Brushes with technology in Houston

Cal at the Texas

Every, single, phone in the restaurant went off at once.

Fifteen hours flying to Dallas and then another 90 turbulent minutes on a small plane to Houston left Cal and me like zombies. The good news was that the transit in Dallas which had been worrying me for weeks went like clockwork and we made the connection thanks to the flight from Sydney getting in 30 minutes ahead of schedule.

We’re staying in a hotel in the township of Webster on the outskirts of Houston – close to NASA and nothing else. In a classic US way getting to anything else is designed to involve a car; with walking indicative of extreme poverty or insanity. Our effort in walking to a nearby restaurant had us schlepping across grass berms and getting stuck in dead-end car parks. We eventually found a nice Italian restaurant – the servings were ridiculously huge but nevertheless tasty even as we visibly flagged between the garlic bread and the pasta.

So we were sitting happily and quietly when every single phone in the room, ours included, erupted in a spooky moment that felt like something out of a horror movie. It turned out to be an emergency alert for the whole of Houston about an abducted child.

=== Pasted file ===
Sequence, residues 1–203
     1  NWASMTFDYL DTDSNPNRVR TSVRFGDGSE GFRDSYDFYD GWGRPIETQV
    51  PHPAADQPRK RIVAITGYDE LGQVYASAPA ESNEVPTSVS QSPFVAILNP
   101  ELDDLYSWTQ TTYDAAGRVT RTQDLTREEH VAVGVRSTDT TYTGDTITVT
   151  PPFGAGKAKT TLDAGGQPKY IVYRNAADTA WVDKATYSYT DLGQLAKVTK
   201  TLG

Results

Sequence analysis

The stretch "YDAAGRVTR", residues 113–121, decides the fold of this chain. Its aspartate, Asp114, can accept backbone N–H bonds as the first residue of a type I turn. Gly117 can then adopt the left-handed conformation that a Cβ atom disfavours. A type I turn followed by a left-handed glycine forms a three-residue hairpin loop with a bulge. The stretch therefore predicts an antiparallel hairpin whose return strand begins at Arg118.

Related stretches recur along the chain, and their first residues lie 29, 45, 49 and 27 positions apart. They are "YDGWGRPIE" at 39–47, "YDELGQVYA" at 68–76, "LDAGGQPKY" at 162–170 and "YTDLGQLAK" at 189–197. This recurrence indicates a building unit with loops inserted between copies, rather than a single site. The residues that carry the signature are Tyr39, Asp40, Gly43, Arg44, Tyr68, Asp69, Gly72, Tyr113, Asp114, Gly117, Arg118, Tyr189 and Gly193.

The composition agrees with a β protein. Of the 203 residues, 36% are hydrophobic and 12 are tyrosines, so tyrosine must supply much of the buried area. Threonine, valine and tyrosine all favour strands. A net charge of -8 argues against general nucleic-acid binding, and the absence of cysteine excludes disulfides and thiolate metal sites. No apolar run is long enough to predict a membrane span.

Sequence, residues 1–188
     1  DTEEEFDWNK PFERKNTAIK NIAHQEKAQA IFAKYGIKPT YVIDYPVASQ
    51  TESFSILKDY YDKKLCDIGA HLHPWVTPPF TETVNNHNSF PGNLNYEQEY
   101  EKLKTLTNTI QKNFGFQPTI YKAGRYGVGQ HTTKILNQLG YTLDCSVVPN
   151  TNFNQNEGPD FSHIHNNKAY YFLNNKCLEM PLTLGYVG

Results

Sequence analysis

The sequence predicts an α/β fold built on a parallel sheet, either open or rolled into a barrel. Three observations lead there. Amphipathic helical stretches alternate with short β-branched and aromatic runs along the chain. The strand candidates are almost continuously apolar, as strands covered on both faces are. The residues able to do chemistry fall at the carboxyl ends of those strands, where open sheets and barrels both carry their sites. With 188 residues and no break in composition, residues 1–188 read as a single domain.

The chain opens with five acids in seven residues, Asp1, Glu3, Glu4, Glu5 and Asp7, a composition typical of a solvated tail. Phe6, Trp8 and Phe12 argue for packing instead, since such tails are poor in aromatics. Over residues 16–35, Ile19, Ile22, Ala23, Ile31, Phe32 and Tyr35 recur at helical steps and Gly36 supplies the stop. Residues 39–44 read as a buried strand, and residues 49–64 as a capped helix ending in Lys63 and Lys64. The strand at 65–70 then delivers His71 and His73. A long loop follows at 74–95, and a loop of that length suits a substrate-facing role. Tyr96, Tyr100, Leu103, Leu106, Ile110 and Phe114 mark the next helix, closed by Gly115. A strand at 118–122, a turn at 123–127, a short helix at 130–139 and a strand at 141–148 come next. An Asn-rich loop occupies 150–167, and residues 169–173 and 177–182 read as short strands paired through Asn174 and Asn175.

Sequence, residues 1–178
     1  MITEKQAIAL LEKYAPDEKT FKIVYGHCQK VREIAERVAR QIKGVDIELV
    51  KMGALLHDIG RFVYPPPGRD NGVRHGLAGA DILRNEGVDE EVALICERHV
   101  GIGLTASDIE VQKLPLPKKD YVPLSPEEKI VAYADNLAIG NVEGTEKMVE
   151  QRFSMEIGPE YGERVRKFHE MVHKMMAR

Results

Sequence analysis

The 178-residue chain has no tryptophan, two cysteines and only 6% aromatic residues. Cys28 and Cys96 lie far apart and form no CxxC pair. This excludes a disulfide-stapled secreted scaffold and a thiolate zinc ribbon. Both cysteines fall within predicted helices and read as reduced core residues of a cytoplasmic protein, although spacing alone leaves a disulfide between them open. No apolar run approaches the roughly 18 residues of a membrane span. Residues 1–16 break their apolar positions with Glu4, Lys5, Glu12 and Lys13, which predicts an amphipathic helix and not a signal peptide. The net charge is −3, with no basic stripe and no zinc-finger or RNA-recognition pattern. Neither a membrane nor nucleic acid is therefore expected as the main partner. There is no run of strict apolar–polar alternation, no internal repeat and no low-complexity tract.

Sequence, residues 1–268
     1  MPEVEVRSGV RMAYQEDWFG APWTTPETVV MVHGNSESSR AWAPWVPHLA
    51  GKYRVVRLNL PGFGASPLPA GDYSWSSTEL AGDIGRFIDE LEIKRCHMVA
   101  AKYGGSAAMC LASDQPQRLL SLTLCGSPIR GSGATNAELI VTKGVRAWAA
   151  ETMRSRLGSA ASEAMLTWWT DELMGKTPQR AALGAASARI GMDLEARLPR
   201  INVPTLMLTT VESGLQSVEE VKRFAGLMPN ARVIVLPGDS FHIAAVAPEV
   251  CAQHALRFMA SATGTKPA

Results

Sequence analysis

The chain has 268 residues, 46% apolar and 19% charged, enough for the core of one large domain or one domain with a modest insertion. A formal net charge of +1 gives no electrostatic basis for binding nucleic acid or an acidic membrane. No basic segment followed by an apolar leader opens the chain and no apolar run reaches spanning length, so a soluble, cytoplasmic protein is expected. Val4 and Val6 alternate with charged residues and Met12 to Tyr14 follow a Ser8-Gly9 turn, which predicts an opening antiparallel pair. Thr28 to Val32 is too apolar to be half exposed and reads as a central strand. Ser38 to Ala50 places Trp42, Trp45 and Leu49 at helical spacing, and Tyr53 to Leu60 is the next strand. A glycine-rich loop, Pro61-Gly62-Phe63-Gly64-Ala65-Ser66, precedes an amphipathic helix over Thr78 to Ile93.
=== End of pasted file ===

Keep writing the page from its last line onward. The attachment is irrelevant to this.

Back at the hotel we kept ourselves awake a while by watching Fox News on the TV – there was little news and a great deal of fantasy. It turns out President Trump is doing a great job, especially for young black men. A great way to stay awake but too frustrating and annoying to repeat in a hurry.

We slept OK in the circumstances, and then after breakfast headed out to see the battleship Texas. It was a lovely clear day, but turned out to be much colder than we expected or were dressed for, so we shivered our way around the ship for a couple of hours.

The Texas was built in the early 1900s and, for a while, was the most powerful weapon on Earth. It served in both world wars and was the test-bed for a range of new technologies from radar to planes taking off at sea. Now it’s a fascinating insight into technology and society at the time. From the effort put into projecting power through big guns to the fact that coloured people could only serve as orderlies. At the time it was built the Texas was a showpiece for modern technology, and not just military technology: It had innovations such as electricity and running water – things that most of the people serving on the ship wouldn’t have in their homes until decades later.

In a stark contrast, and more in keeping with the core theme of this trip, we then returned to the hotel to sit and watch the Mars landing in real-time. There was a cool contrast in the day between a battleship built at a time they didn’t even think to add anti-aircraft defences and a spaceship landing on another planet.

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